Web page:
Yet, the word “inequality” did not come up in the Obama-Romney debate. Neither in terms of a question from ‘moderator’ Jim Lehrer. Nor in the exchanges between the two. Mr. Obama even stressed that he and Mr. Romney had “similar positions on social security” which needed “tweaking.” He felt they both agreed the corporate tax rate was too high and needed to be lowered. (Though he wanted the better off to give a little bit more for society’s well-being).
Having agreed the corporate tax rate was too high, both candidates traded clichés on how to protect, nourish and serve the middle class. Neither mentioned that 160 million Americans could see their tax bills soar after January 1. That’s when the temporary payroll tax holiday expires. The hikes that it will bring, says The New York Times, “would be about $95 billion in 2013 alone.” That change, it quotes experts as saying, could cost the economy a million jobs.
This ‘debate’ did not extend much to foreign policy (that will come up in another debate). It only touched in passing the two wars that America has fought in the past decade. One in Iraq launched on lies by the Bush administration and which saw that country’s overall mortality rate more than double. (From 5.5 deaths per 1,000 persons before the war began to 13.3 per 1,000 persons by late 2006). The other in Afghanistan — which Mr. Obama portrayed as a good war in 2008, as against the bad one in Iraq. His “surge” has failed. This is already America’s longest war. And the sheer misery of Afghanistan’s people is beyond description. No one knows exactly how many civilians have died. The two wars have cost trillions of dollars. No points in the debate, though, on the human and financial costs of the wars.
U.S. presidential election debates, no matter how many millions may watch them, are now a farce. They are more tightly choreographed than a ballet. Pre-scripting by arrangement is the norm. Well before the event, the camps of the two candidates even negotiate which and how many of their family members will join their stars on stage. After the non-debates, the pundits will debate for days on who “looked more presidential.” On who had the better lines, the quicker response. And who missed which opportunity to score a point. But there’s worse.
In a piece on counterpunch.org on “Rigging the Presidential Debates,” consumer rights crusader Ralph Nader shows how the debates are set up. Mr. Nader scoffs at a “supine media” that does not seek even basic facts from the candidates. Such as those on “the secret debate contract negotiated by the Obama and Romney campaigns that controls the Commission on Presidential Debates (CPD), the campaigns’ corporate offspring.”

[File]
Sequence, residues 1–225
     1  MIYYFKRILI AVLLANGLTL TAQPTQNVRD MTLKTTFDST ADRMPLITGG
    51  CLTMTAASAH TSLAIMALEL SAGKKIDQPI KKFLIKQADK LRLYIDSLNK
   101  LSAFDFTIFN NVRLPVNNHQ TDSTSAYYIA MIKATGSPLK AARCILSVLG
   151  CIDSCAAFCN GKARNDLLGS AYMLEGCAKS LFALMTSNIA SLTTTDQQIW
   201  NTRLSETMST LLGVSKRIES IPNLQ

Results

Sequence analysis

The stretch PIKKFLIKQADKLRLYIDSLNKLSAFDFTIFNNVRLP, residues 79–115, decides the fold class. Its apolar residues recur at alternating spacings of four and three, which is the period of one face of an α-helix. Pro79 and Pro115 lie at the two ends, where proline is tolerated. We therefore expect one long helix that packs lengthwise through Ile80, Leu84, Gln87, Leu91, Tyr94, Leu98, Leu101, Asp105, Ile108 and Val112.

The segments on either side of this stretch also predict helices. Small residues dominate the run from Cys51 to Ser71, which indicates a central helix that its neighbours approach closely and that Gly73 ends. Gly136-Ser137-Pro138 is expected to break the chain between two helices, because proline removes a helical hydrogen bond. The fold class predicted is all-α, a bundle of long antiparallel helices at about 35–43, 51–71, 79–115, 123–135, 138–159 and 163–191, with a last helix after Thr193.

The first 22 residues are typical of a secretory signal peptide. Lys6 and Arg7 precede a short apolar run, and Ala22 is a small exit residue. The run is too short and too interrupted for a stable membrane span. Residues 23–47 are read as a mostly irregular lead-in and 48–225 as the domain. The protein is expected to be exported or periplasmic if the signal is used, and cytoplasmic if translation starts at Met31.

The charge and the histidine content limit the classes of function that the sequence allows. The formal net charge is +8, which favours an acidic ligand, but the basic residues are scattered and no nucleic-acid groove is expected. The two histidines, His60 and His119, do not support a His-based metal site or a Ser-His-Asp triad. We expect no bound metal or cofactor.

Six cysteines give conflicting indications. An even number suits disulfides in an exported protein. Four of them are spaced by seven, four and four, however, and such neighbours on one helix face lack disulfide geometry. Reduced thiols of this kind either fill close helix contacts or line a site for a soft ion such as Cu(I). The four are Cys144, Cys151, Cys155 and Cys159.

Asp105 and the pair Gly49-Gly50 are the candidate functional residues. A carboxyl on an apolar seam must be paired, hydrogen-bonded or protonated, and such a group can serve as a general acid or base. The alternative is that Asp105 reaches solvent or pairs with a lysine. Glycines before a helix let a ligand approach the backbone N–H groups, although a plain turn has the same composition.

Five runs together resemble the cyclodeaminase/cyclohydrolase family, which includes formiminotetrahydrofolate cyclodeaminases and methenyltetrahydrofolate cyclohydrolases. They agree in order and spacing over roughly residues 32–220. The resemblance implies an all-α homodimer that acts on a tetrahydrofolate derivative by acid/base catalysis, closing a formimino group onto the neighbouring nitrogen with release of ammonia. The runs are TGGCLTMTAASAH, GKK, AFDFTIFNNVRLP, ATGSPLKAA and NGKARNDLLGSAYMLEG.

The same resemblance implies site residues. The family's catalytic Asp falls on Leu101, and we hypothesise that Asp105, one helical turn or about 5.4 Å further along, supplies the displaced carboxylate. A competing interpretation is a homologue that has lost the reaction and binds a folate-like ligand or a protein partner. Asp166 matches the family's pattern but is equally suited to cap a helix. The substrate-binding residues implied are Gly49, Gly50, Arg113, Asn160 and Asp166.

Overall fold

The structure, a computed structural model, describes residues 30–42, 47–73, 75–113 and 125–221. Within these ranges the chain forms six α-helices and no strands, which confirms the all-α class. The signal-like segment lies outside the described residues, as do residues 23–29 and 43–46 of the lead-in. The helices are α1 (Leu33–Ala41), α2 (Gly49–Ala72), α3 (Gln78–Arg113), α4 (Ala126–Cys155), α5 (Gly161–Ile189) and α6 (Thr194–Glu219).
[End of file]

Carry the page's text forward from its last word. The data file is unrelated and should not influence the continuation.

In the 2004 George Bush-John Kerry debates, both parties agreed in advance not to seek any further debates. They also agreed to shut out other candidates. And not to “accept any television or radio air time offers that involve a debate format.” As Mr. Nader (himself once a presidential candidate) puts it: “Were this deal to be between two corporations, they could be prosecuted for criminal violation of the antitrust laws.” One unwritten agreement in all such debates, it appears, is to keep off corporate crime. Not a whisper on the guilty of 2008 this time. The one vaguely-related mention of it being from Mr. Obama in terms of “reckless behaviour” — to which he quickly added “not just on Wall Street.”
Yet, these ‘debates’ will be minutely post-mortemed by the media for days to come. The Oracles of the airwaves will study the entrails of Wednesday night’s engagement and their blah and the opinion polls will feed into each other. In fact, the post-debate coverage could do more to stir up the voters than the ‘debate’ itself. The Romney camp, cheered by their man’s ‘win’, will crow about it. Which makes the likelihood of another giant gaffe from him even greater. The Obama crew will soon launch an offensive, seizing on what it feels were damaging positions that Mr. Romney took. E.g.: “I won’t put in a tax cut that will add to the deficit. I will not reduce the share paid by high income individuals.” (When will they hold him to it — after the elections?)
The scripted debates are not over. Nor is the race. There’s a lot yet to rise on the blah barometer.
P. SAINATH is the rural affairs editor of The Hindu, where this piece appears, and is the author of Everybody Loves a Good Drought. Sainath is presently in the US teaching for the (Fall) semester. He can be reached at: Sainath@princeton.edu.